Lung On & Ing Hay ~ Kam Wah Chung

Lung On
1863 - 1940

Ing Hay
1862 - 1952

Welcome to Kam Wah Chung
In 1890, you would be standing in the middle of a bustling Chinatown. Businesses all around you, the temple in front and Kam Wah Chung -- the core of the community -- would be to your left. Why is it the only building remaining? Why did Lung On and Doc Hay stay when the rest of the Chinese community left?

Kam Wah Chung & Co - front and back

Pulses, Plants & Persistence
Around the turn of the 20th century, the gold played out and the once bustling Chinese community melted away. But by now Doc Hay and Lung On - Leon as he was known to the townspeople - were valued members of the community, sto they staye on, and Kam Wah Chung and Co prevailed.

The Enterprising Adventurer
Unlike most Chinese who came to the U.S., Lung On could have stayed home, but adventure beckoned. A shrewd businessman, he stocked Chinese goods desired by locals and sold 'Japanese' goods when anti-Chinese sentiments ran high. At his death in 1940, he owned mines, an auto dealership and rental property along MainStreet.

Plants and Pulses
Feeling your pulse to find out what ailed you? Giving you concoctions of strange herbs to cure you? Doc Hay was probably a last resort for the first non-Chinese to see him, but word quickly spread that he cured ills with his herbs and concoctions, bringing patients from hundreds of miles away.

The Golden Flower of Prosperity
Imagine journeying to a distant, strange land where you are a minority; you don't speak the language and hostility is common. That was a reality for Chinese immigrants to Central Oregon in the 1800's. For those who reached John Day, Kam Wah Chung -- the Golden Flower of Prosperity -- was a lifeline, linking them to loved ones and to the lives they once lived.

The Golden Mountain Beckons

Would You Leave Home
No food, no work and little hope in war-torn China. Across the Pacific, the Golden Mountain (California) beckons. The catch? Perhaps never seeing your wife, children and home again.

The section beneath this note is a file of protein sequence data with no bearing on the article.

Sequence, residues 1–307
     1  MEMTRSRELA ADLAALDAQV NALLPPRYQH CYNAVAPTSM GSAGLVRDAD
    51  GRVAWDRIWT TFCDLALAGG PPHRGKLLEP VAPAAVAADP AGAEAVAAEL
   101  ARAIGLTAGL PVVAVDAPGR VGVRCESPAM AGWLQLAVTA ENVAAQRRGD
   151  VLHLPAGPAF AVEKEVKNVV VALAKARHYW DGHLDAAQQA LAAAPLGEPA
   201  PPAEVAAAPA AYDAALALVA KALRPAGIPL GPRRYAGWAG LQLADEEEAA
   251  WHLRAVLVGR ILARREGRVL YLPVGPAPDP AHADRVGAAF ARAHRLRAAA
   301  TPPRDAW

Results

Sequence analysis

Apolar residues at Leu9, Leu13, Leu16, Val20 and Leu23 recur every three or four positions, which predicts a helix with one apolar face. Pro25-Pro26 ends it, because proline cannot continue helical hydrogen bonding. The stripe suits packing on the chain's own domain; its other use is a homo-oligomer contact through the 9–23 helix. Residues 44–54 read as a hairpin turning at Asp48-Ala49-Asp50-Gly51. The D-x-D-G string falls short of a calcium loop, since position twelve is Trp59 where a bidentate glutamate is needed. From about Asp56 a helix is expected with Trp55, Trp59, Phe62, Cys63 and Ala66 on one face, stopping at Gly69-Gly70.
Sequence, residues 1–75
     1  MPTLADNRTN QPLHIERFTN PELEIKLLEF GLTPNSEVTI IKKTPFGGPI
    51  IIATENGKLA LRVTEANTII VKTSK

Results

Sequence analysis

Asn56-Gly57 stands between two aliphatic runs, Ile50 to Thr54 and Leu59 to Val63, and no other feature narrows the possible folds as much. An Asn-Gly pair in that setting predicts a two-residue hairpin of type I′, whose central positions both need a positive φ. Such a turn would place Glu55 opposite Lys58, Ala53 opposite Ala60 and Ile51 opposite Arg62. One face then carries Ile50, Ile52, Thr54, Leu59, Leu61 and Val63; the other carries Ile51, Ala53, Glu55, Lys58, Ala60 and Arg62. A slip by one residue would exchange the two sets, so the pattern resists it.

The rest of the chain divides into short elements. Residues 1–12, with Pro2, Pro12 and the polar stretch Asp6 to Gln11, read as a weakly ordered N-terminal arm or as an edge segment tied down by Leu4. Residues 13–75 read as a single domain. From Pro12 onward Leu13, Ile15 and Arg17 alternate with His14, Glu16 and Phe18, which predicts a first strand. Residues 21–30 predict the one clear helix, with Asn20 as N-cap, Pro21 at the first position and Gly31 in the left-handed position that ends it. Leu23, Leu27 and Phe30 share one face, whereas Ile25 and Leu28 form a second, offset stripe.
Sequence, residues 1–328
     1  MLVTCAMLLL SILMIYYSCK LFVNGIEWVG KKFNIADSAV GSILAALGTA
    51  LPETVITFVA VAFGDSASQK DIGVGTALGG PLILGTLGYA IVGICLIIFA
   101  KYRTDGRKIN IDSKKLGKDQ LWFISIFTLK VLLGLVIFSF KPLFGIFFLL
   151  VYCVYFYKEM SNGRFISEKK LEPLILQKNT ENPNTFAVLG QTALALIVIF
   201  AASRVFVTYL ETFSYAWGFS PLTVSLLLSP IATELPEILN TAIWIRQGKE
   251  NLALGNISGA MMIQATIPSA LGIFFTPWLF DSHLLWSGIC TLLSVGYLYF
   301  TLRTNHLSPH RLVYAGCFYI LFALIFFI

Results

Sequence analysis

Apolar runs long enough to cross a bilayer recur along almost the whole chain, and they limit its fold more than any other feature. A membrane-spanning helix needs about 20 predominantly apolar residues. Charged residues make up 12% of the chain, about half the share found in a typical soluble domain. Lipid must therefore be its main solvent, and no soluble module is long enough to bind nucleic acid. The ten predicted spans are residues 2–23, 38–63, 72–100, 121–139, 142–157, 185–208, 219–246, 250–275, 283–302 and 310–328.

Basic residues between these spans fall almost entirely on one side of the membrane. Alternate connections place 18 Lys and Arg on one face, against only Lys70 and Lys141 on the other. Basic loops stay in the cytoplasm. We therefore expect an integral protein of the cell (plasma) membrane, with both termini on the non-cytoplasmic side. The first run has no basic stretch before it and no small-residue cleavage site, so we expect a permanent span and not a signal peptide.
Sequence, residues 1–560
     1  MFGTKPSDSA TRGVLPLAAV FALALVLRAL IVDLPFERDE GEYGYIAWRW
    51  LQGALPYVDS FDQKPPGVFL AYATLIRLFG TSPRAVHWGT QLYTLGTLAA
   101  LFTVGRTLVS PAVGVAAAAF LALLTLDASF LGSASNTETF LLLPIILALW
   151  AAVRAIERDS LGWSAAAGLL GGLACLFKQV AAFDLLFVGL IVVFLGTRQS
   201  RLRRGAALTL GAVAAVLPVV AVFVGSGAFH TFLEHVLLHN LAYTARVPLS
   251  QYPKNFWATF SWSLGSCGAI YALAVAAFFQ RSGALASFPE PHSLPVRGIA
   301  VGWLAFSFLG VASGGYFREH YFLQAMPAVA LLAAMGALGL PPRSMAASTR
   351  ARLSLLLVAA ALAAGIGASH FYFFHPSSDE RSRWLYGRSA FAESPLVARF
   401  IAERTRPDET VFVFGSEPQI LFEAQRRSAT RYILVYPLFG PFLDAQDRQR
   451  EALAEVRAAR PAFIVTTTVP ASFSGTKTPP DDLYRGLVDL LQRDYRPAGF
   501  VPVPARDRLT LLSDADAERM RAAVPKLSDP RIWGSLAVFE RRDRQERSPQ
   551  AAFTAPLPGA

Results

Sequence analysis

The Way to John Day
In the late 1800's massive hydraulic mining operations based in nearby Canyon City needed cheap labor. Word spread and the Chinese came by the thousands. By 1885, almost everyone in Canyon City employed a Chinese laborer. When their homes and businesses burned later that year, many Chinese moved to the thriving Chinatown centered at Kam Wah Chung.

Buried in the peaceful Rest Lawn Cemetery in John Day, Oregon are the Chinese gentlemen that settled in and became part of the community. Lung On and Ing 'Doc' Hay were from the Canton region of China. They came to the U. S. for opportunity and eventually met in John Day, Oregon with the influx of Chinese drawn to the gold mines -- Ing Hay as a healer and Lung On as an entrepreneur -- and formed a partnership which was to last throughout their lives.

During the Great Depression, Lung On, Doc Hay and a wealthy local rancher were determined not to allow the banks to close and financially kept them open, kept credit alive and allowed the people in the community to survive the depression. Lung On also opened the first auto dealership in Eastern Oregon in 1921. For periods of time, Doc Hay was the only doctor for miles - more than several days of travel time.

Our day trip to drive to the eastern part of the state to visit the museum was a wonderful day. We enjoyed the museum immensely - they have restored the house and kept as much in tact as possible. It is like stepping back into the turn of the 20th Century. Unfortunately, the museum is not open all of the time and you need to plan for your visit. (Times at the bottom of the piece) We got lucky, as we did not know how limited access was, and were able to get on a tour.

Historically, this was a time of virulent anti-Chinese sentiment, yet these two men became a much loved and respected part of the community. They were buried in the local cemetery among the non-Chinese as a sign of the place they had been given in the community.

Kam Wah Chung & Co Museum
The Kam Wah Chung and Co. Museum and Interpretive Center is open May 1 - Oct. 31, 9 a.m.-5 p.m.
Call (541) 575-2800 or (800) 551-6949 for more information.

The house sits on a lovely city park and would be a perfect place for a picnic.
Prior to entry, you must enter the Visitor's Center to get your complimentary passes, as they only allow a limited number in the building each hour. It is not a place for young children - all standing and listening. If you get to the Visitor's Center early enough, you can watch some great videos about the Museum and the men. Ask and they will direct you to the cemetery where you can pay your respects to Lung On and Ing Hay.

Oregon Public Broadcasting
You can watch the special they did online at http://www.opb.org/programs/oregonexperience/programs/20-Kam-Wah-Chung

National Park Service
The best Internet piece I have found http://www.nps.gov/history/nr/feature/asia/2005/kam.htm

This was a remarkable day - we wish we had over-nighted and spent more time in the valley. I would have loved to have transcribed the cemetery.